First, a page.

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Field Epidemiology and Training Department

Field Epidemiology 

The field epidemiology activities of the department consist of 
  • Assessments of the epidemiological or health situation and medical needs in areas where MSF operates or is planning to intervene. These consultations are typically ad-hoc consisting of surveys on health related issues,  nutritional or mortality. This work is also often associated with epidemic outbreaks (e.g. cholera, measles) or in response to a humanitarian emergency during or following conflict or a natural disaster.
  • Epidemiological support to programmes given at the request of MSF to assess health intervention, such as monitoring the introduction of new diagnostics, new operational strategies,  or new treatment schedules.


Epicentre develops and delivers training programs on field epidemiology. These courses are primarily intended for MSF staff, but are also open to staff from other relevant organizations. You can read more about the training offered by Epicentre here.

Examples of recent and ongoing activities

Migrants in Greece

Since 2015, Europe has been facing an unprecedented arrival of refugees and migrants with more than one million people entering via land and sea routes. There is a lack of quantitative evidence on the harsh conditions, forced detention, violence, and torture endured and the mental health problems they face. Epicentre conducted a survey at 7 refugee and migrant sites in Greece documenting the types and levels of violence experienced during their journey. The survey had one quantitative and two qualitative components: a questionnaire focused on migrants’ journey, vulnerabilities, access to information and violence endured during the journey and in refugee camps in Greece; qualitative in-depth interviews examined violence and mental health difficulty experienced by the refugee and migrant population in their home countries, during the journey and in Greece; lastly focus group discussions examined access to information and services in relation to asylum procedures. These latter demonstrated a great lack of guidance and information in relation to asylum procedures increases the participants’ anxiety about the future. This survey followed an earlier similar survey conducted in the so-called jungle migrant camp in Calais in 2016.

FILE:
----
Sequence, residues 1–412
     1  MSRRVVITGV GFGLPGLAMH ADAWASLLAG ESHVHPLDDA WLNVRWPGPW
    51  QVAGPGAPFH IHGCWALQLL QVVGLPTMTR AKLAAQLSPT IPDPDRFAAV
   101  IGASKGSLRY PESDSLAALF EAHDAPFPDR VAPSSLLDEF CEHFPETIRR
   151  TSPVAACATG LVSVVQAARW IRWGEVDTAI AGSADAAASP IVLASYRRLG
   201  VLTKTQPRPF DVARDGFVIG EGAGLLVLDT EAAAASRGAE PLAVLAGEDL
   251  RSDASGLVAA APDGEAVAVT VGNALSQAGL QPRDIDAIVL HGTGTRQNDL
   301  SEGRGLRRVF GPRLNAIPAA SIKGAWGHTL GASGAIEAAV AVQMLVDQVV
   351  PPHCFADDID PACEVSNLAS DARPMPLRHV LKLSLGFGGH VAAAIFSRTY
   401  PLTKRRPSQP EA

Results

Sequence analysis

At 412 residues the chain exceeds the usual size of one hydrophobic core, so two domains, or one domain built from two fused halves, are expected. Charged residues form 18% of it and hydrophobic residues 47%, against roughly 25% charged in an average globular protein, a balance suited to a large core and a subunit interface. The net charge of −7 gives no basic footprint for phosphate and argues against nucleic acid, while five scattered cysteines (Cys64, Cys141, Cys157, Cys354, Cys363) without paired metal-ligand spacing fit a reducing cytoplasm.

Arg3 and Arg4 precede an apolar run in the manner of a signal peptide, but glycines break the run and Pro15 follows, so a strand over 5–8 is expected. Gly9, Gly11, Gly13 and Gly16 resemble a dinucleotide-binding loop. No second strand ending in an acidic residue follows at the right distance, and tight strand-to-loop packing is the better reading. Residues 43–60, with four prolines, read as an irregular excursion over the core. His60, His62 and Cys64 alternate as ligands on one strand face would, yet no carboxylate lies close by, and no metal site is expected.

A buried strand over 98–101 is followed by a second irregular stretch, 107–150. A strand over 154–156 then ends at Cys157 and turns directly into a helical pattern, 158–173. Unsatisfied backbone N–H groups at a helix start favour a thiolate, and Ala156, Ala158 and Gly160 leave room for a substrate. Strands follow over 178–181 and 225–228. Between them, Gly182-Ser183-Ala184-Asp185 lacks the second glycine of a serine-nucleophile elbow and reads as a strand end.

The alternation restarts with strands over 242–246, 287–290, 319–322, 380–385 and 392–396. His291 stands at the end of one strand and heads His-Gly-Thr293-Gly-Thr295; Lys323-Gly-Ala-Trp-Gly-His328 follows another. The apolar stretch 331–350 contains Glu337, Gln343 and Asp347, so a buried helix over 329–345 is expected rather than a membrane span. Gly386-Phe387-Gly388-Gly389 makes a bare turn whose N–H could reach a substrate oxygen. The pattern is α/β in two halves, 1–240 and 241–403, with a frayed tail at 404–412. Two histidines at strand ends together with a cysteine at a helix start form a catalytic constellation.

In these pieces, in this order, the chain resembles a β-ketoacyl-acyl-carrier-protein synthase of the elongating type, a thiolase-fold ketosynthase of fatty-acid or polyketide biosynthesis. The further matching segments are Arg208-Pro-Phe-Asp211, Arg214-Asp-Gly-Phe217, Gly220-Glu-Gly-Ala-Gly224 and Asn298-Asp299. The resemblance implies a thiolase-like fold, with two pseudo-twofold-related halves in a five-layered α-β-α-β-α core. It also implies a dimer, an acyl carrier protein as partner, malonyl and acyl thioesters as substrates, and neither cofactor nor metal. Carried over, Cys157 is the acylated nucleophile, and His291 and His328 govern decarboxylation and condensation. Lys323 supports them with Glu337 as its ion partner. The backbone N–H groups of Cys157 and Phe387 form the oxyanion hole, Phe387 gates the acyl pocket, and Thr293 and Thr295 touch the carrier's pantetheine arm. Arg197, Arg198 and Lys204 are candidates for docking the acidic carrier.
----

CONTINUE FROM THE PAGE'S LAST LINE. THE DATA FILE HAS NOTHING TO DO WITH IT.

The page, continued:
South Sudanese Refugees in Bidibidi, Uganda

South Sudan gained independence in 2011 after many year of armed conflict. However, the South Sudanese people are still affected by conflict and poor security.  Since 2106 hundreds of thousands of people have fled to Yumbe district in Nothern Uganda. In the space of a few months Bidibidi became the world’s largest refugee camp with an estimated 800 000 people.  MSF provides medical care to vulnerable populations. At the request of MSF Epicentre put in place a mortality and morbidity surveillance system so MSF can target its humanitarian activities. Populations like this are especially prone to emergency epidemic outbreaks from diseases such as measles, cholera, hepatitis E, and malaria, as well as an increase in the levels of malnutrition. An efficient surveillance system makes it possible to rapidly detect these occurrences and a prompt and appropriate response can help minimize the health impact on the populations. 

Monitoring measles in the Democratic Republic of Congo

Following measles outbreaks in the Democratic Republic of Congo in 2015, Epicentre has supported MSF activities by providing monitoring reports of measles cases across affected health districts. These monitoring reports are based on routinely collected data by the Ministry of Health and staff from MSF missions. These data are matched against population size estimates derived from the routine childhood vaccination programme, regional health authorities, and UNICEF. The monitoring reports include GIS generated maps that help visualize the location and spread of measles outbreaks. In 2016 and 2017 Epicentre is broadening the scope of this work to include a risk assessment tool for measles outbreak in the different districts which will help MSF anticipate future needs.